WEST LAFAYETTE, Ind. — Indiana residents are overwhelmingly
receptive to wind farms in their communities, even in areas that have rejected
turbine development, according to Purdue University studies.
Linda Prokopy, an associate professor of natural resources
planning, said much of the research on attitudes toward wind energy and wind
farms has focused on coastal states and the reasons people don’t want turbines
in their communities.
She and Kate Mulvaney, a former graduate student, wanted to
know how people in the Midwest feel about having wind farms in their communities
and the factors that led some places to embrace or reject them.
Prokopy and Mulvaney published two studies on their results
in the journals Energy Policy
Management . One focused on Indiana’s Benton County, which has
embraced wind farms.
The other study compared Benton County with two other
Hoosier counties — Boone County, which rejected wind farm development, and
Tippecanoe County, which at the time still was considering wind farms. The
researchers conducted surveys and interviews and studied local newspaper
articles on wind energy.
“We found that there is not a lot of opposition from the
people in the Midwest,” Prokopy said. “And there are not a lot of perceived
negative impacts from people who have or live near wind turbines.”
In each county, more than 80 percent of survey respondents
said they either supported wind farms in their counties or supported them with
That was the case even in areas where local governments were
against wind farm development or newspaper articles trended toward more negative
aspects of the farms.
“We would have expected differences in support based on the
media coverage, but what we found was support across the board,” Prokopy
Mulvaney said Benton County, which has more than 500
turbines and hundreds more approved, welcomed wind farms for a variety of
reasons, including local government support and options for diversifying
development within the agricultural-based economy.
“In Benton County, agricultural land is the basis of the
economy,” Mulvaney said. “Using the land to produce wind is the same or similar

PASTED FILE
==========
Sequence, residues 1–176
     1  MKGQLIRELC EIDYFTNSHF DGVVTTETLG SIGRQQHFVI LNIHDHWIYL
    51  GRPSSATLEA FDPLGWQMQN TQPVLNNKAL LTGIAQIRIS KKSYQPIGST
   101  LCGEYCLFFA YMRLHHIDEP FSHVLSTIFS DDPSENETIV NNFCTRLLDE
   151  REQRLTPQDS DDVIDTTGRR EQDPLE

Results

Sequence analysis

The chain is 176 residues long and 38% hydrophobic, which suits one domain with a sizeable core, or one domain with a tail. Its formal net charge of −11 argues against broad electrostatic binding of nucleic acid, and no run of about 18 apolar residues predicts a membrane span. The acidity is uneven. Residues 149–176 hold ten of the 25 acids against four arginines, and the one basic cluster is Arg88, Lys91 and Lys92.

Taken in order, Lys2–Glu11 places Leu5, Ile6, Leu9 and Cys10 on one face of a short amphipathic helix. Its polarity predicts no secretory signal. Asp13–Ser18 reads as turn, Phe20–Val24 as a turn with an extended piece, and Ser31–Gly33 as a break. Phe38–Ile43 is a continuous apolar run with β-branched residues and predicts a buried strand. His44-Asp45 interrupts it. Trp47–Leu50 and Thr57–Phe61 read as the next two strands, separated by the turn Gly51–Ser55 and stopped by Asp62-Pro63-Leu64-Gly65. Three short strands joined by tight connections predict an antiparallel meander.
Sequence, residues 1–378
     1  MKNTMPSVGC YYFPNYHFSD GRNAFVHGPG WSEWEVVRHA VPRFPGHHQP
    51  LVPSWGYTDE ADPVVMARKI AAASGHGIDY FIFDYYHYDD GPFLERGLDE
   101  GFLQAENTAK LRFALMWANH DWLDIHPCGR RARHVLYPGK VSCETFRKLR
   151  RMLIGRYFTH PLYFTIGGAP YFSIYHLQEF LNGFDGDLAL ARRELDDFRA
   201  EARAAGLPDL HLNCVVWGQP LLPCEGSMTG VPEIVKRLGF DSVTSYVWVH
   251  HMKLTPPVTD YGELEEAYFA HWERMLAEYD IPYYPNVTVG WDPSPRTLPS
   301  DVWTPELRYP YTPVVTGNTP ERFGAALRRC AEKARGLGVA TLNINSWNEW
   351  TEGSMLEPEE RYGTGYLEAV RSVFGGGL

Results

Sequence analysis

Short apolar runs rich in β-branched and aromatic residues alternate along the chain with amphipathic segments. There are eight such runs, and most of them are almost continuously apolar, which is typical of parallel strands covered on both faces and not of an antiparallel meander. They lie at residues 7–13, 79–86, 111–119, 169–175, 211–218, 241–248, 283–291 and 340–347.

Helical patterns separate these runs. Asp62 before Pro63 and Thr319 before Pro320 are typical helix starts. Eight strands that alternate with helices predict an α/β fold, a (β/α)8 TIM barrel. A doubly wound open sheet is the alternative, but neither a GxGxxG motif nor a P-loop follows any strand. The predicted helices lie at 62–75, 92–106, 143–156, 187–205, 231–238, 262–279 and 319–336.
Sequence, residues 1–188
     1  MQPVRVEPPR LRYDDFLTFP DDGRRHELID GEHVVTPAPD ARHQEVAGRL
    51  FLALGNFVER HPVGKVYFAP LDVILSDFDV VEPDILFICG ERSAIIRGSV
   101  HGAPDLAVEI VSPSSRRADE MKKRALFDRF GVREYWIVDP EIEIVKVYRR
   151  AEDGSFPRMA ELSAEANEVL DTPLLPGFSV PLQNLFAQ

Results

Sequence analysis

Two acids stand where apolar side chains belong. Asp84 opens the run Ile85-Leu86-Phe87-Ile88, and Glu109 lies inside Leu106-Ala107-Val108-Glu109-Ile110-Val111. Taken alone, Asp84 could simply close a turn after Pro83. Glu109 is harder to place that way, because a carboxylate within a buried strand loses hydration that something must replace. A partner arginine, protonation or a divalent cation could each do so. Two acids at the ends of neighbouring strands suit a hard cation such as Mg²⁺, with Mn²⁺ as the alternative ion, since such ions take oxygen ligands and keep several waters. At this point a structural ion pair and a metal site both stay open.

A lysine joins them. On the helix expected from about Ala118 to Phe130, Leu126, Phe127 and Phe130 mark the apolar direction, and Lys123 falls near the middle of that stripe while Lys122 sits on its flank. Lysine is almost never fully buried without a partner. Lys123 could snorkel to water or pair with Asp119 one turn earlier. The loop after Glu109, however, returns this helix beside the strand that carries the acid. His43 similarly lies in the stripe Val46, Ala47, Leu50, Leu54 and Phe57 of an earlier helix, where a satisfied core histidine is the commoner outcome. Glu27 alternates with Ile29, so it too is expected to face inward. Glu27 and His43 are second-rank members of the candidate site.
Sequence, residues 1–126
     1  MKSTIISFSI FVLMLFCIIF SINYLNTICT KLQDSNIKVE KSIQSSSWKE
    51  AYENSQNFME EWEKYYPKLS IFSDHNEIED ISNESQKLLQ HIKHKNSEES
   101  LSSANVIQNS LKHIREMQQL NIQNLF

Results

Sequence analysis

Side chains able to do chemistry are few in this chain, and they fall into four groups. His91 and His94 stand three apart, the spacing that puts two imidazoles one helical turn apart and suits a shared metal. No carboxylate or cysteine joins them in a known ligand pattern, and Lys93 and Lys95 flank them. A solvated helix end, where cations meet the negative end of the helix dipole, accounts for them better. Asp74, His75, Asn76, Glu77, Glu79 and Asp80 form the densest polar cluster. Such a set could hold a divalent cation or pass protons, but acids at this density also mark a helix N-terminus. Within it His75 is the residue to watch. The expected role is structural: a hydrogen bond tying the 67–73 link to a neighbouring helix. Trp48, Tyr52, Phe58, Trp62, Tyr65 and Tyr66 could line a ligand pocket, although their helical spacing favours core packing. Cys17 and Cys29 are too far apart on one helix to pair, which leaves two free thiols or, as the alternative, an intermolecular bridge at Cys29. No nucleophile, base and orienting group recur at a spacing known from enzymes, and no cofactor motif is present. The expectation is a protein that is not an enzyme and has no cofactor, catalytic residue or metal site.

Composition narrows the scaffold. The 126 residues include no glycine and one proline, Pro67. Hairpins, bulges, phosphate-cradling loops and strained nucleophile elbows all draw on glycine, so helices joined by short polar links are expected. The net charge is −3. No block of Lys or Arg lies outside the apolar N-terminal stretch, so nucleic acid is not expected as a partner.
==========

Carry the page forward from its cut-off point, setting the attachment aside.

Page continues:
to using the land to produce a crop in many people’s minds.”
The Purdue Extension educator in that county was
instrumental in helping to draft ordinances that benefited the communities in
which turbines would be located and providing residents with information about
wind farm impacts.
“He was definitely seen as a trusted source,” Prokopy
Despite support from residents, Boone County turned down
wind farm development. Prokopy said the biggest factors in that decision were a
well-organized opposition and a lack of governmental support.
“The opposition appeared to come from people who worked in
Indianapolis but lived in rural parts of the county. They wanted to preserve
their landscape,” she said. “They were in the minority, but they were very vocal
and, thus, influential in terms of local government.”
In Tippecanoe County, Prokopy and Mulvaney said the
government was supportive, but there also was a strong vocal minority.
“The opposition in Tippecanoe County was focused on
setbacks, noise regulations and other rules,” Prokopy said. “It was focused on
making sure people were protected.”
She said the data suggest the Midwest could be more
receptive to wind farm technology, especially in more rural areas that lack
“It certainly shows that many of the concerns that have kept
wind farms from developing on the coasts aren’t issues here in the Midwest,” she
The Purdue College of Agriculture funded the studies.